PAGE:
Focusing on the perceptions of the stroke survivors and their family caregivers living at home two years after the stroke occurrence, the aims of the study were to analyse the concordance of attitudes on the emotional and social repercussions of stroke and to determine the differing dyadic profiles.

Materials and methods

This study is part of a larger national survey on living at home two years after stroke in Luxembourg, conducted among all adult (≥18 years) survivors of stroke and their main family caregivers. Over a period of 18 months, the records of all the patients hospitalised two years earlier in Luxembourg (N = 797) were analysed (e.g., Fig 1).

Their status—living or deceased—was obtained from the Civil Status Registry. Survivors were drawn from the list compiled by the ‘Inspection Générale de la Sécurité Sociale’ of Luxembourg. Among the 432 eligible persons (living, not institutionnalised, residing in Luxembourg, contact information available), 173 gave their informed consent to have their medical records consulted by a practitioner investigator of the Research Centre for Health in Luxembourg. This step allowed to confirm the stroke diagnosis in 115 cases (the others were false positives or did not complete the clinical criteria of stroke). When returning an informed consent form to participate to a face-to-face interview, these were asked to identify their main caregivers as ‘the person[s] who mostly takes care of [them] since the stroke’. The final sample was composed of 94 participants, including 57 stroke survivor / caregiver dyads. Appointments was organised at their homes. Two researchers separately conducted face-to-face structured interviews supported by two distinct questionnaires: one for the survivors and one for the caregivers.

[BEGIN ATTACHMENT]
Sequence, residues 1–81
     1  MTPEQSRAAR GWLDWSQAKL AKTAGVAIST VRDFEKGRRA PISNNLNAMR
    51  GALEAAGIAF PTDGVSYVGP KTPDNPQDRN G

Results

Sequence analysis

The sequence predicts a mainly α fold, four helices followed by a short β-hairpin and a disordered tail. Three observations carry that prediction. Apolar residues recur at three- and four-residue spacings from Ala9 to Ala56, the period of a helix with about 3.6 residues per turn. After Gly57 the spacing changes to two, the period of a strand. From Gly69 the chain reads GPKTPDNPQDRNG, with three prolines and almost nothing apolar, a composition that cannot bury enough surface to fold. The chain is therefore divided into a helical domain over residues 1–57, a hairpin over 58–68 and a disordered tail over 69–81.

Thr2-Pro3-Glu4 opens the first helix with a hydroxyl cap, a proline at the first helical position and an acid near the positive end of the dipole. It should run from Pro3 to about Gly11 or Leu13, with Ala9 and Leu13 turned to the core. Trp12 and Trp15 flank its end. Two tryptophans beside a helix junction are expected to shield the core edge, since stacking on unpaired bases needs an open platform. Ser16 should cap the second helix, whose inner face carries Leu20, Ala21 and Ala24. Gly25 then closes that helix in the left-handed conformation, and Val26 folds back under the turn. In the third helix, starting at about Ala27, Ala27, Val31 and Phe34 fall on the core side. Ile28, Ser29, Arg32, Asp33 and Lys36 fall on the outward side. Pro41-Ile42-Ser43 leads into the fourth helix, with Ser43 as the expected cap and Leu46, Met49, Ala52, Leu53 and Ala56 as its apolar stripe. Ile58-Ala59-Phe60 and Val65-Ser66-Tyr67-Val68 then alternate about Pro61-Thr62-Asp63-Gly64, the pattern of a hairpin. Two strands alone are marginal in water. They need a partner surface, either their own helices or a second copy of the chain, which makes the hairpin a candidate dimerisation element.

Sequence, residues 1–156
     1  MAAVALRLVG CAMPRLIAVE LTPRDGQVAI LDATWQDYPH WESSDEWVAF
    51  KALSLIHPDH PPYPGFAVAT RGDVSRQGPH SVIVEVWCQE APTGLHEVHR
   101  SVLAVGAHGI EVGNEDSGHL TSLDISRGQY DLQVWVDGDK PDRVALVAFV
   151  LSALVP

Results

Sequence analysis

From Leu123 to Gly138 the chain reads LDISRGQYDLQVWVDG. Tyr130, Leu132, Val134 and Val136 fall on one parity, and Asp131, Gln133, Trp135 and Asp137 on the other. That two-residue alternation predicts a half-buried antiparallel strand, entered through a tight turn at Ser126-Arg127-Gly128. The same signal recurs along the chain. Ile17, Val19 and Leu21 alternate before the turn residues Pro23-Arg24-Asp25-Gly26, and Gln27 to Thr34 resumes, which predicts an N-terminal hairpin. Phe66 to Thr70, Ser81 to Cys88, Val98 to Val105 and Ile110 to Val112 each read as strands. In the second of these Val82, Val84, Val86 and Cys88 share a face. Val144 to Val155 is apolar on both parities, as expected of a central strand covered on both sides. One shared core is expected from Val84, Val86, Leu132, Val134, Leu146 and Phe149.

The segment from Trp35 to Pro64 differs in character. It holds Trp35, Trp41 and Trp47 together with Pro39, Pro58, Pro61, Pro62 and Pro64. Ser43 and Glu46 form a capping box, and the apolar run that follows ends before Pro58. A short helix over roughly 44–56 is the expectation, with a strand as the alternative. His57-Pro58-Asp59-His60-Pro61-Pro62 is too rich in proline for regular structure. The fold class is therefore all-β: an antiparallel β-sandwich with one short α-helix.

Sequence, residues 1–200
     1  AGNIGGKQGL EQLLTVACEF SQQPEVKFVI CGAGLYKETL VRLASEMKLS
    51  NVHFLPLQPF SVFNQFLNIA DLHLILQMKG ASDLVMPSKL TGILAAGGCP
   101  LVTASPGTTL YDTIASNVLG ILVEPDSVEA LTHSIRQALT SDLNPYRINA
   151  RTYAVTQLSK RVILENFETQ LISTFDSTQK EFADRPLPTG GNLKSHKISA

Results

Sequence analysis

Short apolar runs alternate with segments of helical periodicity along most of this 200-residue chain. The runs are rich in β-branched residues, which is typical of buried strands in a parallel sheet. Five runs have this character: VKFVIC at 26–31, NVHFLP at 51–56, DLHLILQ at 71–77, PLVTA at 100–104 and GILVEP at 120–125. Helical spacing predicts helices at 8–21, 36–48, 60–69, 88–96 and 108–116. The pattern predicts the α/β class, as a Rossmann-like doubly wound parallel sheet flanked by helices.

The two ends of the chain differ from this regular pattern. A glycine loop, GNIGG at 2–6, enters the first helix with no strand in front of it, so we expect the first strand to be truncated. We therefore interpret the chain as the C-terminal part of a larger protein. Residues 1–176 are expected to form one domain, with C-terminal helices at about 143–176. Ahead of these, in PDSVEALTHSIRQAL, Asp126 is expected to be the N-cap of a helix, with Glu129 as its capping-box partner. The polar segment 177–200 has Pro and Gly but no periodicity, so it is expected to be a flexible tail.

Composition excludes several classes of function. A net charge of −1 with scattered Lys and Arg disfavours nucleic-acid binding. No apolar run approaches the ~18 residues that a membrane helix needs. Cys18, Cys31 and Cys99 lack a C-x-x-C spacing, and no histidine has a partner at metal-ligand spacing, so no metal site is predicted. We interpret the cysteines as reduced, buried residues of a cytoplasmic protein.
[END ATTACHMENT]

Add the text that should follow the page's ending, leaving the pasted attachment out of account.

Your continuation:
Ethical aspects

The protocol was approved by the National Committee of Research Ethics (CNER) and reported to the Committee for Data Protection of Luxembourg.

Data collected from both stroke survivors and family caregivers

The attitudes towards the most frequently experienced emotional and social repercussions of stroke were assessed by 11 items [6] identified through a content analysis of 10 interviews and after a qualitative process of generating questionnaire items [29]. The items measured three effects of stroke on the patient (character change, feeling demeaned, and feeling ashamed to see friends), four impacts on the family (whether stroke led to an upheaval in the family and in the couple, children distancing, and strengthening of family bonds), and four extended social repercussions (whether they received expressions of sympathy, whether friendship bonds were strengthened, whether they lost friends, and whether their social life was maintained as before). The attitudes were measured on a 4-point Likert scale ranging from ‘totally disagree’ to ‘completely agree’.